Tools like Descript, an all-in-one audio and video editing platform, can be used to help clone voices and then some.
In conversation with Pacific Content, Descript’s Head of Business & Corporate Development, Jay LeBoeuf, revealed that we’re very close to that reality.
He says, “AI voice clones are going to become much, much more widely used in 2022 than they were before. But specifically, they’re going to be used for editorial mistakes, for pickups, and even for ad reads and trailers.”
Jay also shared that Pushkin Industries is already using an audio AI version of author Malcolm Gladwell to voice table reads. Jay goes on to say, “It doesn’t make it to the show yet, but they have a really high-quality version of his voice because he’s already done all these audiobooks and all these podcasts.”
Using the vast catalogue of professionally recorded audio they already have of Malcolm Gladwell, sound designers can use machine learning to train an artificially intelligent text-to-speech voice clone.
For the producers, this means that they can write the script and the narration based on what his voice sounds like, in his cadence. And, as Jay points out, this saves a lot of time, “what’s left for him at the end is to go in and actually record it in a way that only he can.”
To hear more about what’s going on in this area of AI and voice, be sure to read the full article linked from our show notes.
News 5: Voices Talent Trends Report
Curious to know what your voice acting colleagues are up to? Voices has released its 2022 State of Voice Over Report!
A few highlights of the report include:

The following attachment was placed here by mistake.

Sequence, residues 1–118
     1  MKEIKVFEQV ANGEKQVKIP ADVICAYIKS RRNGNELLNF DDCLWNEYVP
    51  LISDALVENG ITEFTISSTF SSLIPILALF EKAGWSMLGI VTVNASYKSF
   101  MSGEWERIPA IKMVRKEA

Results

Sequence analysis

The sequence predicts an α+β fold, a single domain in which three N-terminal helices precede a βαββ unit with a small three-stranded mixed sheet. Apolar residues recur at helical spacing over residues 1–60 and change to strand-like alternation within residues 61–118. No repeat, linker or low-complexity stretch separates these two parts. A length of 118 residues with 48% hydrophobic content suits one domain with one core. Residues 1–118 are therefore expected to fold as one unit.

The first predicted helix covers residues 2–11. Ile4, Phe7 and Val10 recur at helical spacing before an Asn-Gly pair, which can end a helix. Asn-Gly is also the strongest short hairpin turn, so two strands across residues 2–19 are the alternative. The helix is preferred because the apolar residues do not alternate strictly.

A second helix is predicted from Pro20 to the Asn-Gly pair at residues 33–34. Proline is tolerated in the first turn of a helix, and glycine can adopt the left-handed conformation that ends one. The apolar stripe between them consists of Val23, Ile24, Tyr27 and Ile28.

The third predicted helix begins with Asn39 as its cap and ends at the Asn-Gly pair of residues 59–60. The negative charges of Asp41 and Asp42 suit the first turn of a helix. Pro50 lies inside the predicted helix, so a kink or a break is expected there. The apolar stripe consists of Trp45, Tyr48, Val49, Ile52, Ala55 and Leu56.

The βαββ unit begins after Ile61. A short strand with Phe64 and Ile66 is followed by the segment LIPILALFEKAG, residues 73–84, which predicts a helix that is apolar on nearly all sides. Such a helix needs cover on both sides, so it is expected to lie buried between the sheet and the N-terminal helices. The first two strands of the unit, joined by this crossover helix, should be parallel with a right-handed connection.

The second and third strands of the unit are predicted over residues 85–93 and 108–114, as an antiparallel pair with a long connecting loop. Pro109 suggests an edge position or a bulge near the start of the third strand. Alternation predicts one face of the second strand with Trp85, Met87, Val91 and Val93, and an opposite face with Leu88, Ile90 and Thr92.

6 ways to grow your business in 2022
The most requested roles coming
Get your copy of the Voices 2022 State of Voice Over Report by visiting the link in our show notes.
Vox Talk Community Spotlight: Ralph Hass
Stephanie Ciccarelli: In this week’s Community Spotlight, we welcome Ralph Hass, a Canadian voice talent in British Columbia. I invited Ralph to talk about his voice over career, specifically about his adventures in sports. So Ralph, can you tell us more about your career?
Ralph Hass: I started in voice over in 2005. I set up a Voices.com account, I’m still with you seventeen years later. My first big client were the Buffalo Sabres and I’m currently in my 14th season of voice over work for them on the MSG TV network. I never played ice hockey growing up but road hockey, soccer and tennis. Still play a lot of tennis with my wife of 33 years, Darlene, and basketball in a men’s rec league for the last dozen years. Unfortunately that’s on hold because of the pandemic. Had another great client in Buffalo a few years ago, the Buffalo Bills, from 2008 to 2011 and the Thurman Thomas TV show. As the NFL playoffs begin this weekend (Go Bills!), one of my other big hockey clients was the Western Hockey League on Shaw TV that ran in Canada from 2007 to 2017. I love sports because it’s unpredictable. I guess that could also describe voice over and the pandemic. Please be safe.
Stephanie Ciccarelli: Ralph, it’s been a great 17 years! Thank you for being with us on the show and also for sharing your storyl
And that’s the way we saw the world through the lens of voice over this week. Thank you for joining me here and for supporting the show! Remember that one of the best ways you can help me out is by giving Vox Talk a 5-star review whenever you listen to your podcasts so that other people can find Vox Talk and subscribe as well. I’m your host, Stephanie Ciccarelli. We’ll see you next week.